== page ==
NLP & Stoicism....
I'm in the midst of writing a new 'self-help-styled' book...
OH NO, I hear you say, NOT ANOTHER SELF-HELP BOOK!!!
Well, yes, but hopefully very different.
It will be s firmly based within the realms of evidenced based approaches, and may well challenge some of the fluffy ideas in some self-help tomes which I have come to think are part of the problem and do not really approach the personal solutions people are seeking.
But, more of that later...
In my pondering I have been considering the possible link between stoicism and some of the NLP presuppositions we all know and love.
Let's first look at Stoicism...
One of the definitions of stoicism is ...
the endurance of pain or hardship without the display of feelings and without complaint.
But that's perhaps an oversimplification.
Wikipedia reliably informs us that ...
Stoicism is a school of Hellenistic philosophy that flourished throughout the Roman and Greek world until the 3rd century AD. Stoicism is predominantly a philosophy of personal ethics which is informed by its system of logic and its views on the natural world.
Tim Denning notes that:-
Stoicism is focused on uncomplicated theories of life
– Stoicism is so clear that you can take action from the advice immediately
– Study is not required to understand Stoicism
– The most read Stoic is Lucius Seneca. Marcus Aurelius is also very popular
Denning points out in his excellent article (see reference below) that far too many self-help style writers focus on 'what is wrong' or the negative aspects of life. By definition, perhaps, the idea that someone needs to find 'self-help' suggests that something is 'wrong' in the rose garden.
Stoics do not suppress the thing that is wrong, but remind themselves they are actually 'in the rose garden' in the first place. Hence stoicism is about a state of mind, a way of perceiving things if you like. Those versed in NLP ideals may already be getting that tingling sense of familiarity.
Here are a few of the key ideas of Stoicism and, I suspect, the 'that's kinda like the NLP view' spider-sense will trigger for many of you.
Events are Events - It is the individual that gives them meaning
Where we focus our attention, our emotions and our actions create the definition of any event. The events are not YOU, but they can impact upon you. The degree of that impact is more about the personal relevance you place on the event rather than the event itself.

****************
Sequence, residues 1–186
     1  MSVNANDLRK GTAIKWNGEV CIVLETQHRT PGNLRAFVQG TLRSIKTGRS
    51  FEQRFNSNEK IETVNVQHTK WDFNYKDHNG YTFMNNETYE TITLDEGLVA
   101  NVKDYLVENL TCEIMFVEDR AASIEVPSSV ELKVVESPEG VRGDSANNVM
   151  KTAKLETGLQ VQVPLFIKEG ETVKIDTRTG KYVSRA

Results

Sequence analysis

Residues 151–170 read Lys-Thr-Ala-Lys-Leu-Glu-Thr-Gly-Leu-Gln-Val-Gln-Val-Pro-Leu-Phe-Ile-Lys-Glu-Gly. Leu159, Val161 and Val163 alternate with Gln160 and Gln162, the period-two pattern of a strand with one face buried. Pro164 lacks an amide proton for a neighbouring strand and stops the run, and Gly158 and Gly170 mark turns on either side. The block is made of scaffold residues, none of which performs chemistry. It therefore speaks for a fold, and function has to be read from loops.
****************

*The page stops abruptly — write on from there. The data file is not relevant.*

Shit Happens - things will disrupt our personal peace and tranquility.
A bit of a truism here. Bad things happen to Good people, and Good things happen to Bad people. (Note that here we are giving a value of good or bad to an event or indeed a person - such a value is a personal judgement). if you accept that things can disrupt your plans, then you can be flexible in your responses rather than spending time and effort trying to hallucinate the cosmic reasons for the shit!
Remember, what is shit to some is fertiliser to others.
If what you're doing isn't working - Do something else
As mentioned above, the ability to be flexible in responses - the law of requisite variety perhaps?
We always have choices
Whether times are 'good' or 'bad' we can still choose how to respond. When we feel we have no choice, then look again and create some.
Be reflective and look inward for solutions
In someways, perhaps, this is the ability to be present, mindful and soul-searching. This activity is about finding solutions rather than getting lost in a downward spiral of self-doubt and or regret.
Anger doesn't help & Being fearful and paranoid does not help you either
Self explanatory really.
It's good to emote and recognise those emotions rather than repressing them, BUT you have choices about how to express and not become them.
Seek not to impress others, since this takes you from your own path
Impressing others is the need of the ego, and perhaps not fully reflective of the nature of your own advancement
Your mind becomes the thoughts that you think habitually
Hey, it's the neuro-plasticity thing!
Is optimism and pessimism 'hard wired' or (and) part of the attitudes we allow to evolve?
Without proper training you're a fool!
As Tim Denning puts it - If you seek to master a skill, then without proper training you will (by default) rely on ignorance, and you’ll act in a way that lacks discipline and requires chance.
This, perhaps, comes back to the NLP dictum - Get It Right First and Become Artistic Later - when learning, experiencing NLP models and interventions?
The More You Learn, The More You Know You Don't Know
To once again quote Mr Denning...
The harsh reality is that many of us walk around as though we know everything. We know nothing of the infinite knowledge there is to acquire.
That sort of humbleness is where all the best learning starts from. Thinking less of yourself is the ultimate power: it’s where you can grow from and serve others. It’s this way of thinking that births leaders.
Focus on Building Character...
It's not about labels, stereotypes and other people's judgements - it's about you, your path and your choices. Your character is defined by the work you do on yourself each day and the person you become.
Mastery is a Journey not a Destination
You will never know everything about everything since change moves through all. The student never stops being a student. Even the teacher is still a student at heart.
When you arise in the morning, think of what a precious privilege it is to be alive - to breathe, to think, to enjoy, to love.
Tim Dennings Article
Dr Alan Jones PhD, FRSA